22. Haney M, Ward AS, Comer SD, Foltin RW, Fischman MW (1999) Abstinence symptoms following smoked marijuana in humans. Psychopharmacology 141:395–404CrossRefGoogle Scholar
  23. Heine H, Magnussen H (2003) Literature-based values of control subjects in sleep medicine. Somnologie 7:28–34CrossRefGoogle Scholar
  24. Hudson JI, Pope HG, Sullivan LE, Waternaux CM, Keck PE, Broughton RJ (1992) Good sleep, bad sleep: a meta-analysis of polysomnographic measures in insomnia, depression, and narcolepsy. Biol Psychiatry 32(11):958–975CrossRefGoogle Scholar
  25. Jacobs GD, Pace-Schott EF, Stickgold R, Otto MW (2004) Cognitive–behavioral therapy and pharmacotherapy for insomnia. Arch Intern Med 164:1888–1896CrossRefGoogle Scholar
  26. Johanson CE, Roehrs T, Schuh K, Warbasse L (1999) The effects of cocaine on mood and sleep in cocaine dependent males. Exp Clin Psychopharmacol 7:338–346Google Scholar
  27. Koob GF, Le Moal M (2001) Drug addiction, dysregulation of reward, and allostasis. Neuropsychopharmacology 24:97–129Google Scholar
  28. Kowatch RA, Schnoll SS, Knisely JS, Green D, Elswick RK (1992) Electroencephalographic sleep and mood during cocaine withdrawal. J Addict Dis 11:21–45Google Scholar
  29. Kripke DF, Garfinkel L, Wingard DL, Klauber MR, Marler MR (2002) Mortality associated with sleep duration and insomnia. Arch Gen Psychiatry 59:131–136CrossRefGoogle Scholar
  30. Lukas SE, Dorsey CM, Mello NK, Mendelson JH (1996) Reversal of sleep disturbance in cocaine- and heroin-dependent men during chronic buprenorphine treatment. Exp Clin Psychopharmacol 4:413–420Google Scholar
  31. Mendelson WB, Garnett D, Gillin JC, Weingartner H (1984) The experience of insomnia and daytime and nighttime functioning. Psychiatry Res 12:235–250CrossRefGoogle Scholar
  32. Michaud M, Soucy JP, Chabli A. Lavigne G, Montplaisir J (2002) SPECT imaging of striatal pre- and postsynaptic dopaminergic status in restless legs syndrome with periodic leg movements in sleep. J Neurol 249:164–170Google Scholar
  33. Morin CM (1993) Insomnia, psychological assessment and management. Guilford Press, New YorkGoogle Scholar
  34. Pace-Schott E, Kaji J, Stickgold R, Hobson JA (1994) Nightcap measurement of sleep quality in self-described good and poor sleepers. Sleep 17:688–692Google Scholar
  35. Pace-Schott EF, Stickgold R, Muzur A, Wigren P, Ward AS, Hart C, Walker M, Edgar C, Fischman MW, Hobson JA (2003) Cognitive performance in chronic cocaine users over binge–abstinence is temporally associated with sleep quality declines. Sleep (Supplement) 26:A380Google Scholar
  36. Perlis ML, Kehr EL, Smith MT, Andrews PJ, Orff H, Giles DE (2001) Temporal and stagewise distribution of high frequency EEG activity in patients with primary and secondary insomnia and in good sleeper controls. J Sleep Res 10:93–104CrossRefGoogle Scholar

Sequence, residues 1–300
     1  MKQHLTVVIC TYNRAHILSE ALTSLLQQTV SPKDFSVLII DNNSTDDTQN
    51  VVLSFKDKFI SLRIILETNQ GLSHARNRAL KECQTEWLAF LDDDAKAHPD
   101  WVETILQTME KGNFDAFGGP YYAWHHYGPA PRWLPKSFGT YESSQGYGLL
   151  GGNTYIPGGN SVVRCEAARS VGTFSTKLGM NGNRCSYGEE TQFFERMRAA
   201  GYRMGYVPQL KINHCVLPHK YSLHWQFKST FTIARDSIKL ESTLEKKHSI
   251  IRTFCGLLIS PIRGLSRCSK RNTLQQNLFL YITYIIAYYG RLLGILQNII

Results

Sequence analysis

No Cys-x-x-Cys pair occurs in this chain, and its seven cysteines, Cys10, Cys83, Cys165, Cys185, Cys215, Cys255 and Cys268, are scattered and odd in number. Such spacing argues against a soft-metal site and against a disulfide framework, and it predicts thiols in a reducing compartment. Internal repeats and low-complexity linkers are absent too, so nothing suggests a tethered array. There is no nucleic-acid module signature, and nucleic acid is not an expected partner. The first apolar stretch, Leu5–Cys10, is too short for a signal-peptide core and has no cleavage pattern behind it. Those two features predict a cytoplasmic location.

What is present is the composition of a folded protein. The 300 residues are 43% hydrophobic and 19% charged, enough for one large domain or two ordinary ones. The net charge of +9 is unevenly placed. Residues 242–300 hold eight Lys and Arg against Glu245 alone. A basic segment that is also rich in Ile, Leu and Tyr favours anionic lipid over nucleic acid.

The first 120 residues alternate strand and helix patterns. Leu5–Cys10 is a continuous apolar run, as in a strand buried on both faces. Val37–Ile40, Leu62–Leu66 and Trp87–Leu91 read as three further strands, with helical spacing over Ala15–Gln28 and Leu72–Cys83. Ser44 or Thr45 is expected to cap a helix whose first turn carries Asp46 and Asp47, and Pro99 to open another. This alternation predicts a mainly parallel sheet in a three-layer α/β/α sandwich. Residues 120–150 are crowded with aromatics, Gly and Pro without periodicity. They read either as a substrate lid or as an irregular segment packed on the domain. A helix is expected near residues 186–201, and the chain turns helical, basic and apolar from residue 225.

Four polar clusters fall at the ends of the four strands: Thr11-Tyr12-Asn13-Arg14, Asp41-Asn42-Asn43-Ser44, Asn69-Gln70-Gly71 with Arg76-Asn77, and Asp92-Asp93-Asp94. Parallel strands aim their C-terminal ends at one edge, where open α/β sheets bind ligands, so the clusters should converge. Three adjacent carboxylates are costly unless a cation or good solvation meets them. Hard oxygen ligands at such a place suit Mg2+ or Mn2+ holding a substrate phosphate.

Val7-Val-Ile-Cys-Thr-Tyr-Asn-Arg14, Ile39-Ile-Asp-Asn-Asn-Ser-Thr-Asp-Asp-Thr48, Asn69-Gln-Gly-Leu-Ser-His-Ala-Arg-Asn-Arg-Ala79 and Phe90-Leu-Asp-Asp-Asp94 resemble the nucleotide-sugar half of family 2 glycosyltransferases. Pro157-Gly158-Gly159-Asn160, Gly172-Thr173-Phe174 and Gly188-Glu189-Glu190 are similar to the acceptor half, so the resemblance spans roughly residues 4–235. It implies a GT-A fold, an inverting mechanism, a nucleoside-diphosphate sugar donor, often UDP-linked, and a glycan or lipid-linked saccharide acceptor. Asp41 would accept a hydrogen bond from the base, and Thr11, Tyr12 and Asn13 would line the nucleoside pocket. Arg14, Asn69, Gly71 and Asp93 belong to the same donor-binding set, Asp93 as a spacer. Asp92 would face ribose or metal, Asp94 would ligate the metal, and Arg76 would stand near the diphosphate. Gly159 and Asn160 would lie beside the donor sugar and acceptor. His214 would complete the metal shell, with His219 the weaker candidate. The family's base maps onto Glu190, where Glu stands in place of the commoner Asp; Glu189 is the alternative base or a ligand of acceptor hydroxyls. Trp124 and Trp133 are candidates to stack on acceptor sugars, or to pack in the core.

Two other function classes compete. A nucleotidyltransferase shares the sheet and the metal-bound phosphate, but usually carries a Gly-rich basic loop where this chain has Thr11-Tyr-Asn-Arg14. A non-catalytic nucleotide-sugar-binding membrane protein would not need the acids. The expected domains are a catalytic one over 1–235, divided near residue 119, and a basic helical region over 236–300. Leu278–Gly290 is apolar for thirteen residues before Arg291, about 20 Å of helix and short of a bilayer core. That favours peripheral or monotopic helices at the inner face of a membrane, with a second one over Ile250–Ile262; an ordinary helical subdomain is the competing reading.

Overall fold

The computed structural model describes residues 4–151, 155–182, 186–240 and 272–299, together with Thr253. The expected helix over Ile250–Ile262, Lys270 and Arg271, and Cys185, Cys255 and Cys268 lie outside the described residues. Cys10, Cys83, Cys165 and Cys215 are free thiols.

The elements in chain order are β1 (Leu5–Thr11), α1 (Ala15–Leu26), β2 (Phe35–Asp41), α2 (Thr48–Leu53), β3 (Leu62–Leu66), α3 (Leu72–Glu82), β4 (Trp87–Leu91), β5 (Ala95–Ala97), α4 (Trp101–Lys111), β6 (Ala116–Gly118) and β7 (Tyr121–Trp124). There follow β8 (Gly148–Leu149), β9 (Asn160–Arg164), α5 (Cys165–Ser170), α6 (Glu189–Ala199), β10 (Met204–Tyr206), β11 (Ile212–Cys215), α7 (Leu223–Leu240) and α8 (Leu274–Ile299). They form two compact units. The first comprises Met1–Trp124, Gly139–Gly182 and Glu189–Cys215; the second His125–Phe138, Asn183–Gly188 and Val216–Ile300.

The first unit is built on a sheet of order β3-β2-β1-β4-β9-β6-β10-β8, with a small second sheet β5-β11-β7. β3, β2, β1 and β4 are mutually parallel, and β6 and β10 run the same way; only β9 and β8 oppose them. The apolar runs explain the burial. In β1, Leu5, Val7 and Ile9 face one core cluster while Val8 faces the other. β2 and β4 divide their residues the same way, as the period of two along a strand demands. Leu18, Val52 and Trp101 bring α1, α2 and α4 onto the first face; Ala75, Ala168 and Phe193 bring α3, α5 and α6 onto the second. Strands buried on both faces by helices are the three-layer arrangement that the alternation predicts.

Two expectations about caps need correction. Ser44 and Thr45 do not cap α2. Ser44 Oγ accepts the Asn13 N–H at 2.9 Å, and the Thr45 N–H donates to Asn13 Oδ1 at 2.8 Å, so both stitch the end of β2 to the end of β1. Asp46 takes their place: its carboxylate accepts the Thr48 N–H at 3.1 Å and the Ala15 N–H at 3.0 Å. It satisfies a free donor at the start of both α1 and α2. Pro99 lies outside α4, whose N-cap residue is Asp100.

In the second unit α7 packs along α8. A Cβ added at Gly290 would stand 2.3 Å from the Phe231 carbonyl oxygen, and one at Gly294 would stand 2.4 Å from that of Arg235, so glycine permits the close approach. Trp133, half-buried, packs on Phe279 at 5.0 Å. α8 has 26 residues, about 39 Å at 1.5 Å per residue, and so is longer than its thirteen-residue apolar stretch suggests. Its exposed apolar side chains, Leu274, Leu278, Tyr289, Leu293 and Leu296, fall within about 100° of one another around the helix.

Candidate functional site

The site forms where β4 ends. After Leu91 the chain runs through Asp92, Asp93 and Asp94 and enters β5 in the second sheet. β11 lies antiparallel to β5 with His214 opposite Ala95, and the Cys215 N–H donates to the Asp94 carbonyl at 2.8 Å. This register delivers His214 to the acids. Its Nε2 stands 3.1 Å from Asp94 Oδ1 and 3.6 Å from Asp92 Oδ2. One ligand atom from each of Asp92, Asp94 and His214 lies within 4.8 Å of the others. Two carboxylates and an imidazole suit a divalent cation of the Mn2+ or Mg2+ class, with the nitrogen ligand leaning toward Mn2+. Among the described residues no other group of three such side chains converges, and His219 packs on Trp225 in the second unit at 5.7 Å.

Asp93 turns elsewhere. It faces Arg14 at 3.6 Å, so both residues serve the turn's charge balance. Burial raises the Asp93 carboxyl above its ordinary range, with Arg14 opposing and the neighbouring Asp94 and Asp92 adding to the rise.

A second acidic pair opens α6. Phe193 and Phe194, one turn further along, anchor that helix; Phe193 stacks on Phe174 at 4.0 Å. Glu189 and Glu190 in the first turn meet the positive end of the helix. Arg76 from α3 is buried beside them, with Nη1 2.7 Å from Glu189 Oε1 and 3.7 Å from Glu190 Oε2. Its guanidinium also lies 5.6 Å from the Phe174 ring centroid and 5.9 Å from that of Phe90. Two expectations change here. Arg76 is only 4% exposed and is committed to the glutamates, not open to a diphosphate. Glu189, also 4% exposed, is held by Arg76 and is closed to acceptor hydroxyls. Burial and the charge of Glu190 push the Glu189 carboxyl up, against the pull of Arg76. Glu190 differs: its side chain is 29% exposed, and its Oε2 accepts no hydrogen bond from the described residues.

37. Post RM, Gillin JC, Goodwin FK, Wyatt JR (1974) The effect of orally administered cocaine on sleep of depressed patients. Psychopharmacology 37:59–66CrossRefGoogle Scholar
  38. Rechtschaffen A, Kales A (1968) A manual standardized terminology, techniques and scoring system for sleep stages of human subjects. US Department of Health, Bethesda, Md.Google Scholar
  39. Reynolds C, Kupfer D (1987) Sleep research in affective illness: state of the art circa 1987. Sleep 10:199–215PubMedGoogle Scholar
  40. Rye DB, Jankovic J (2002) Emerging views of dopamine in modulating sleep/wake state from an unlikely source: PD. Neurology 58, 341–346Google Scholar
  41. Schneider-Helmert D (1987) Twenty-four-hour sleep–wake function and personality patterns in chronic insomniacs and healthy controls. Sleep 10:452–462Google Scholar
  42. Silvestri R, Pace-Schott EF, Gersh T, Stickgold R, Salzman C, Hobson JA (1998) Changes in sleep and dreaming during SSRI treatment and withdrawal in a home setting. J Clin Psychiatry 62:642–652Google Scholar
  43. Stepanski E, Zorick F, Roehrs T, Young D, Roth T (1988) Daytime alertness in patients with chronic insomnia compared with asymptomatic control subjects. Sleep 11:54–60Google Scholar
  44. Strecker RE, Morairty S, Thakkar MM, Porkka-Heiskanen T, Basheer R, Dauphin LJ, Rainnie DG, Portas CM, Greene RW, McCarley RW (2000) Adenosinergic modulation of basal forebrain and preoptic/anterior hypothalamic neuronal activity in the control of behavioral state. Behav Brain Res 115:183–204CrossRefGoogle Scholar
  45. Thakkar M, Winston S, McCarley RW (2003) A1 receptor and adenosinergic homeostatic regulation of sleep-wakefulness: effects of antisense to the A1 receptor in the cholinergic basal forebrain. J Neurosci 23:4278–4287Google Scholar
  46. Thompson PM, Gillin JC, Golshan S, Irwin M (1995) Polygraphic sleep measures differentiate alcoholics and stimulant abusers during short-term abstinence. Biol Psychiatry 38:831–836CrossRefGoogle Scholar
  47. Toda S, Alguacil LF, Kalivas PW (2003) Repeated cocaine administration changes the function and subcellular distribution of adenosine A1 receptor in the rat nucleus accumbens. J Neurochem 87:1478–1484Google Scholar
  48. Volkow ND, Fowler JS, Wang GJ, Hitzemann R, Logan J, Schlyer DJ, Dewey SL, Wolf AP (1993) Decreased dopamine D2 receptor availability is associated with reduced frontal metabolism in cocaine abusers. Synapse 14:169–177CrossRefGoogle Scholar
  49. Ward AS, Haney M, Fischman MW, Foltin RW (1997a) Binge cocaine self-administration by humans: smoked cocaine. Behav Pharmacol 8:736–744Google Scholar
  50. Ward AS, Haney M, Fischman MW, Foltin RW (1997b) Binge cocaine self-administration in humans: intravenous cocaine. Psychopharmacology 132:375–381CrossRefGoogle Scholar
  51. Watson R, Bakos L, Compton P, Gawin F (1992) Cocaine use and withdrawal: the effect on sleep and mood. Am J Drug Alcohol Abuse 18:21–28Google Scholar

Copyright information

© Springer-Verlag 2005

Authors and Affiliations

  • Edward F. Pace-Schott
    • 1
  • Robert Stickgold
    • 1
  • Amir Muzur
    • 1
  • Pia E. Wigren
    • 2
  • Amie S. Ward
    • 2
  • Carl L. Hart
    • 2
  • Denise Clarke
    • 1
  • Alexandra Morgan
    • 1
  • J. Allan Hobson
    • 1
  1. 1.Laboratory of Neurophysiology Center for Sleep and Cognition and Department of Psychiatry, Harvard Medical SchoolBeth Israel Deaconess Medical CenterBostonUSA
  2. 2.Substance Use Research Center, Department of PsychiatryColumbia University College of Physicians and SurgeonsNew YorkUSA

Personalised recommendations